The Master of Business Administration is an opportunity to deepen your business administration skill set. Maryland Smith’s Online MBA curriculum features a variety of courses designed to address many of the practical dimensions of business, including finance, marketing, operations, economics and data analysis.

For instance, courses such as Corporate Finance and Managerial Accounting will teach you about the complex financial considerations and responsibilities you may face in a business environment. During courses like Business Communications and Marketing Management, you can learn how to become a more effective and compelling communicator. Courses like Data Analysis and Decision Modeling will introduce you to technologies and data modeling techniques that can inform management decisions.

Specialized Business Skills

Graduate students enrolled in the Smith Online MBA program have the opportunity to choose between several specialized tracks, in addition to the General Track:

  • Accounting
  • Finance
  • Information Systems and Business Analytics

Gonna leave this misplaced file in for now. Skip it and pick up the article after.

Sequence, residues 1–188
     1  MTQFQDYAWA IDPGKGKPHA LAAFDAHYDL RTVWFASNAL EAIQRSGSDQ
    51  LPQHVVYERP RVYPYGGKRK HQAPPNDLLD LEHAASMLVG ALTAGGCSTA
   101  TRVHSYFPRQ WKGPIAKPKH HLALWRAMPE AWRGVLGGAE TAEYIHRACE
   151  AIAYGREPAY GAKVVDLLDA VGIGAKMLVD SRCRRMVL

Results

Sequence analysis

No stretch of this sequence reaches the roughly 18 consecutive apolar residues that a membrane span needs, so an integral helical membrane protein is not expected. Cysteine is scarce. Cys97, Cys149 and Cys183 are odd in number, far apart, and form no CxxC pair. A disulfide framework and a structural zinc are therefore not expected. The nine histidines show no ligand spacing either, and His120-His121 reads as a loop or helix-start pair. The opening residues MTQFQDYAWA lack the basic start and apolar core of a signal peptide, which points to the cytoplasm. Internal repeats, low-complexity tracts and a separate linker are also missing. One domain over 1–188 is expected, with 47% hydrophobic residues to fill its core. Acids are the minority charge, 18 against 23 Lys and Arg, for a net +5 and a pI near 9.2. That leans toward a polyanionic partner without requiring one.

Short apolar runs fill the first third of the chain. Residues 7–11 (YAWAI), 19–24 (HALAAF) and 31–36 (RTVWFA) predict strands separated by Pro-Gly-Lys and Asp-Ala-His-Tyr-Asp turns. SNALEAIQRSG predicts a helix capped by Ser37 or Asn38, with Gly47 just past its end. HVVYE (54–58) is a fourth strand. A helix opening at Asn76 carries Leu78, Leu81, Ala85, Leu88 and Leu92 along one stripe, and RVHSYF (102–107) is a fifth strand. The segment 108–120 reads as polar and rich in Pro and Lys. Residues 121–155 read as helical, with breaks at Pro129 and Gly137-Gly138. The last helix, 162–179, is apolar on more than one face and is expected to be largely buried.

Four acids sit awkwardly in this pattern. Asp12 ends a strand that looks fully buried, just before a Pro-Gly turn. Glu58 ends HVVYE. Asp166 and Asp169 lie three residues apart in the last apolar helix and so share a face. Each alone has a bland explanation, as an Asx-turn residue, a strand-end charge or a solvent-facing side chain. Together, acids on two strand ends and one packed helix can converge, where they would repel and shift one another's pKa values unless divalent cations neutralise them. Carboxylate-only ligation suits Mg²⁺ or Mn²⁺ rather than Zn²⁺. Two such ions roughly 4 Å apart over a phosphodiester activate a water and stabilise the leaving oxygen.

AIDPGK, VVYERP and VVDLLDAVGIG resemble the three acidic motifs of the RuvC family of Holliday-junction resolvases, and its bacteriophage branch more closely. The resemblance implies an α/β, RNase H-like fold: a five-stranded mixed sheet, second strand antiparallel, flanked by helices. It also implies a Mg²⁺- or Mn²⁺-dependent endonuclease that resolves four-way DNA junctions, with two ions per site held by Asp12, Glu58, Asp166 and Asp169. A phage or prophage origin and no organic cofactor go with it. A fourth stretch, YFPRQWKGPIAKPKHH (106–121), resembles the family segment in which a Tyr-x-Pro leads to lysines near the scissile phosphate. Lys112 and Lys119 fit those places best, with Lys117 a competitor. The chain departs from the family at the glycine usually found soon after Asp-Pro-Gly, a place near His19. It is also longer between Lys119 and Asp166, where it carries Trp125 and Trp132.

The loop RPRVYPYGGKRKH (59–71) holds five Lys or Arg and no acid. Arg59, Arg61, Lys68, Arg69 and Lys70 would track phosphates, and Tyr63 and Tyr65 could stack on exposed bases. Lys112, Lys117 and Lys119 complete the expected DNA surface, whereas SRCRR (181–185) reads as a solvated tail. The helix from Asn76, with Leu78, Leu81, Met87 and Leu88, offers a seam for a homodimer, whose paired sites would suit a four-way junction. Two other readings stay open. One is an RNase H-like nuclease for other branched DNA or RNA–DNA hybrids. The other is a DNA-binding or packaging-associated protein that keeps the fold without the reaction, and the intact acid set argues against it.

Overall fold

• Marketing
  • Supply Chain Management

Selecting one of these tracks is an opportunity to refine your skills in a critical aspect of modern business. For instance, an MBA student on the Finance track will take advanced courses including Applied Equity Analysis, Financial Restructuring and Commercial Bank Management. These cover theoretical and practical concepts to prepare students for the demands of the financial services sector and higher-level finance roles.

How Does an MBA Help Your Career?

MBA alumni can qualify for an exciting range of business career possibilities that often come with higher salaries. For MBA graduates in the workplace, the advancement opportunities and earning potential can make the time and money spent during school more than worthwhile.

If you’re eager to pursue a career path in business, but you’re still wondering, “Why get an MBA?” the following benefits are worth considering.

You Can Work While You Study